England & Wales, Global Communities and society, Democracy, devolution and governance

Places can and do get worse as well as better

Photo by Kobby Mendez on Unsplash

With one week to go until the General Election, I am going to take the risk that even the politically engaged readers of The MJ might like to think about something else and am going to try and make this an election-free column.

I say try, because the themes I want to explore around place and the nature of progress are at least implicitly engaged in the General Election debate.

We know local government is unlikely to shoot to the top of any new Government’s agenda, but we might also anticipate that as we get into 2020 we will see a renewed emphasis on local government’s role in building local and sub-regional economies and on public service delivery especially in adult social care and children’s services. And we can feel the first stirrings of a new conversation about devolution and potentially reorganisation.

Against this there is a quiet but persistent counter-current that insists on local government’s role as a guardian or leader of place. That is not new, of course. ‘Place-shaping’ was The MJ’s word of the year way back in 2006. But it is important that it is not overshadowed by a purely functionalist account of local government’s economic and service delivery roles.

To remind us why this matters, what it means and what is at stake, we might take a view from afar.

Last month, at the United Cities and Local Government World Summit, I listened to a talk by Aníbal Gavira, former mayor of Medellín in Colombia about how they transformed the city from one of the most violent and unstable cities in the world into a prosperous, peaceful and increasingly sustainable place, including a 95% reduction in the murder rate.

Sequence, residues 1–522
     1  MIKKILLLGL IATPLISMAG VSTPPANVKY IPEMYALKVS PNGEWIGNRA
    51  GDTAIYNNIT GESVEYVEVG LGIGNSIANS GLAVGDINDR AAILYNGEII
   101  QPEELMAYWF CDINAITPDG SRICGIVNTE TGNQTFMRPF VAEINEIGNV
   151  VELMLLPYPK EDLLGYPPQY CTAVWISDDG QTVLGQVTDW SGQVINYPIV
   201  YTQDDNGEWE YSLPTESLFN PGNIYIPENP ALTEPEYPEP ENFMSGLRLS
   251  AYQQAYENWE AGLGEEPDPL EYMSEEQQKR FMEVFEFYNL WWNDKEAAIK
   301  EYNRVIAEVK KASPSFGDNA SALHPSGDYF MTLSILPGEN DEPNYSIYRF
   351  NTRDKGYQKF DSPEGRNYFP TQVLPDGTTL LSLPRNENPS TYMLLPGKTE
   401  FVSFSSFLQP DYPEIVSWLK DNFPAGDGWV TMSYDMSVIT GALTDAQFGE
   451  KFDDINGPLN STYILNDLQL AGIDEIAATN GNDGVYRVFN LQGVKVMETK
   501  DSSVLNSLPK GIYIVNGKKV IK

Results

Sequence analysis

It is a story I was familiar with and have seen the results, but had never heard from the people who did it.

Mr Gavira stressed five key factors focusing on the peripheries: tackling inequalities; investing in early years provision; high quality public space and buildings, especially in marginal areas, and innovative approaches to urban mobility. ‘Public space’, he said is ‘equity space’. These interventions were considered part of an integrated change model and ran alongside a programme of public narrative, building on the type of place they wanted to be and become.

We have to be careful about how we treat case studies from other places. They translate in complex and incomplete ways and we can’t always draw simple lessons from them. As the anthropologist Clifford Geertz once said: ‘If you wanted home truths, you should have stayed at home’. There is a tendency to treat Medellín as an inspirational story (which it is), but counterintuitively, we should also treat it as a cautionary tale.

Everything they did in Medellín are things councils across the UK are doing, but they are arguably all areas in which our capacity to act is diminished.

No-one is suggesting that British cities are going to become like Medellín in the 1990s, but we also need to acknowledge increasing levels of inequality, knife crime and homelessness in many parts of the UK. Place-shaping is never complete. Places can and do get worse as well as better.

So, by all means let’s take the Medellín story as a positive example of what local government leadership of place can achieve, but let us also reverse the optic and see it as a warning about where you can get to if local government does not have an active leadership role and the resources to act upon it.

Jonathan Carr-West is Chief Executive of the LGIU. This article first appeared in The MJ.

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